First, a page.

The Positive Side

Summer 2013 

Health on the Go

Wondering about your HIV treatment? How to quit smoking? Or when to take your meds? There’s an app for that.

By Erica Lee


There seems to be an app for almost everything these days, and managing your health and HIV is no exception. Let’s face it: Not everyone can afford a smartphone and not everybody wants one, but if you’re the proud owner of one of these hand-held devices, here are a few free apps worth noting.



Whether you’re thinking about starting or already on antiretroviral therapy, CATIE has a new app for you. YourDocTalk asks you a series of questions to identify the habits and health issues that may impact your HIV treatment options. Based on your answers, the app then creates a customized report that you can use to get the most out of your next treatment conversation with your doctor. It’s quick and easy and your personal information remains completely confidential.

Available for iPhone, iPad and iPod touch.


Break It Off

If you’re trying to quit smoking, this app from the Canadian Cancer Society can ease you through your break-up with cigarettes. Break It Off tracks your progress—the times you’ve resisted the urge for a smoke and the times you haven’t. You get progress trophies during the good times, and distracting activities as well as the option of a toll-free call to a Quit Coach during the bad.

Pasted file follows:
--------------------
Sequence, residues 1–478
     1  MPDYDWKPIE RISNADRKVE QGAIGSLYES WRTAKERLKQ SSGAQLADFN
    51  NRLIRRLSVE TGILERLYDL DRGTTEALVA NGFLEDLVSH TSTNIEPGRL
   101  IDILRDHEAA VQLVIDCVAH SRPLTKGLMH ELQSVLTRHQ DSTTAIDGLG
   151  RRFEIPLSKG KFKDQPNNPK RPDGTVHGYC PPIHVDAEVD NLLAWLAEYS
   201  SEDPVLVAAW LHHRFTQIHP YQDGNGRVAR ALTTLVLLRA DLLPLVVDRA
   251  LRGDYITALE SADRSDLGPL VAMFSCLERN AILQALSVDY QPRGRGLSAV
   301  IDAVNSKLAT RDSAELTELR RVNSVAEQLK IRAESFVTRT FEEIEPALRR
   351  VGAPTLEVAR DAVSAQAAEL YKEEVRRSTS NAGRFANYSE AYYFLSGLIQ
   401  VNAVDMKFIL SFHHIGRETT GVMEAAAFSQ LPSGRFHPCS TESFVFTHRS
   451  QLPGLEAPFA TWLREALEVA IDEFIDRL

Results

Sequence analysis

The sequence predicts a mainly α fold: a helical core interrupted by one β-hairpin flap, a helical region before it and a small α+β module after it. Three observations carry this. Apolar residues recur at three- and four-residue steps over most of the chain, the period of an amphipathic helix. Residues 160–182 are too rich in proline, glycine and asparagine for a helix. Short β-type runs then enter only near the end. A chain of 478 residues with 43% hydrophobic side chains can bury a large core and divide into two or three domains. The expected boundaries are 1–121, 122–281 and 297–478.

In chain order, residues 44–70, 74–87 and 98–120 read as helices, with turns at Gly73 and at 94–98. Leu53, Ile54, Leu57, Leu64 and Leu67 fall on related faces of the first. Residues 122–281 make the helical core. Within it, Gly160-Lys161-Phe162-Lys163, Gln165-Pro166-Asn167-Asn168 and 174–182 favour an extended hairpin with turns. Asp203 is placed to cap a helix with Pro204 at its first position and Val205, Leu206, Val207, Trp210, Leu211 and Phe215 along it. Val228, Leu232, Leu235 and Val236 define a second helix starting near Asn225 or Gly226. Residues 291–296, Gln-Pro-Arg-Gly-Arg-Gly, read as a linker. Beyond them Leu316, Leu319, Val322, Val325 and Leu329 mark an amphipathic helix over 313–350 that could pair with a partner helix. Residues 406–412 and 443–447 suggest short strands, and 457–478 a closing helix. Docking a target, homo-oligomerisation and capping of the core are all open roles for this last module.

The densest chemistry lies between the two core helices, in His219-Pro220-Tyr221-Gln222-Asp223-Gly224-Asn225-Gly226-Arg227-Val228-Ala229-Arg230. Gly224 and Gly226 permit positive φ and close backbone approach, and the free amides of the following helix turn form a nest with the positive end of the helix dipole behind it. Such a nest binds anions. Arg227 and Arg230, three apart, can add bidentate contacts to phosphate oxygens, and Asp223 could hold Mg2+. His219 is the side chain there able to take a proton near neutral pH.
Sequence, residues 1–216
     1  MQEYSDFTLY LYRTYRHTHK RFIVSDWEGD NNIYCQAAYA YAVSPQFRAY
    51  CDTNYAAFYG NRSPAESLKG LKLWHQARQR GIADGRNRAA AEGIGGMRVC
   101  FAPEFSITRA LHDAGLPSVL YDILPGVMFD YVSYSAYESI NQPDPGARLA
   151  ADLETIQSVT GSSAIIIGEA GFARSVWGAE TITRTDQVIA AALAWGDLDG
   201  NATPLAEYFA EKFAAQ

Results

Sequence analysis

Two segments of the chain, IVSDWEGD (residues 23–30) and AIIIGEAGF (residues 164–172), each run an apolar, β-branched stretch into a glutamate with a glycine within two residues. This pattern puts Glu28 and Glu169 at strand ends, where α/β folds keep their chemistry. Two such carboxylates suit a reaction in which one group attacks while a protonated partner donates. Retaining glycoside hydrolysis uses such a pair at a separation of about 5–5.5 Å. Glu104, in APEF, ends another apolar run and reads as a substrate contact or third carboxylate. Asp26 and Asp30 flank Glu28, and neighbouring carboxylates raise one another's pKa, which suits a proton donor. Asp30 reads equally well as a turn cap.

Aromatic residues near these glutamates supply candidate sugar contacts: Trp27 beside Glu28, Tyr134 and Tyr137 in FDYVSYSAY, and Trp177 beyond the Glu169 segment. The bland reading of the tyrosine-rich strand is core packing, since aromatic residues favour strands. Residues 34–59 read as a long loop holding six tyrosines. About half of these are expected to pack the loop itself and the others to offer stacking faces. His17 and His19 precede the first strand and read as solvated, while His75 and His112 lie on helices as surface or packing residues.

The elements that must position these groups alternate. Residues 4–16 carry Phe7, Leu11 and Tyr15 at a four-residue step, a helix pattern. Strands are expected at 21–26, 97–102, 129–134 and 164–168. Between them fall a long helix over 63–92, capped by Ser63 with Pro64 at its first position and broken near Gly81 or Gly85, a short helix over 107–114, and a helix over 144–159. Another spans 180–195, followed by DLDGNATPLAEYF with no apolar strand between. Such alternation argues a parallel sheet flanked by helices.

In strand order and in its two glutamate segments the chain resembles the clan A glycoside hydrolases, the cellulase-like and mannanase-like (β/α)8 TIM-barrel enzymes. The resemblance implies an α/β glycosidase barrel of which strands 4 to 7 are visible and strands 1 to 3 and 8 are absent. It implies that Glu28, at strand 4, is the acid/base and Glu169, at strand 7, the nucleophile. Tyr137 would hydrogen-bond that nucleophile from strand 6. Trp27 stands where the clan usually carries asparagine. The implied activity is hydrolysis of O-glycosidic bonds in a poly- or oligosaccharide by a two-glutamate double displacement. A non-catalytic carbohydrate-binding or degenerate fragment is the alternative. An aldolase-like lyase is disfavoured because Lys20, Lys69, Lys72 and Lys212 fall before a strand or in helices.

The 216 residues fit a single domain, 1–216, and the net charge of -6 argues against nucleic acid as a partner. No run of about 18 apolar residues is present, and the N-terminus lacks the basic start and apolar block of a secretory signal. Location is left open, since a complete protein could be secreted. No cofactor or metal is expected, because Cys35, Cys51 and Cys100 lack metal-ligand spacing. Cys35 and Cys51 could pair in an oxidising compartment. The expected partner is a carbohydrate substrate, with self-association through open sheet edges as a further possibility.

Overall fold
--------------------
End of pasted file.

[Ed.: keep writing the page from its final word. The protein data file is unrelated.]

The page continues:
Available for iPhone, iPad, iPod touch and Android.



iStayHealthy helps people with HIV monitor their health. Use it to chart your CD4 counts and viral load, as well as results from other blood tests, like your cholesterol levels. You can keep track of the meds you’re on, side effects you’ve experienced and any doses you may have missed. There’s also a place to record the contact info of your health clinics. Last but not least, you can set up reminders telling you when it’s time to take your meds.

Available for iPhone, iPad and Android.


<30 Days

The Heart and Stroke Foundation’s <30 Days challenges you to improve your heart health in 30 days or less. Start off by answering some questions that help you identify habits that could put you at risk for heart disease and stroke. It’s then up to you to meet daily challenges to improve your habits, such as squeezing in some extra exercise by getting off the bus one stop early and walking. The app offers reminders and awards your accomplishments as you work your way toward a healthier heart.

Available for iPhone, iPad and iPod touch.



Erica Lee is the Information Specialist at CATIE. She works in the health library field, supporting the information needs of ­frontline service providers and service users.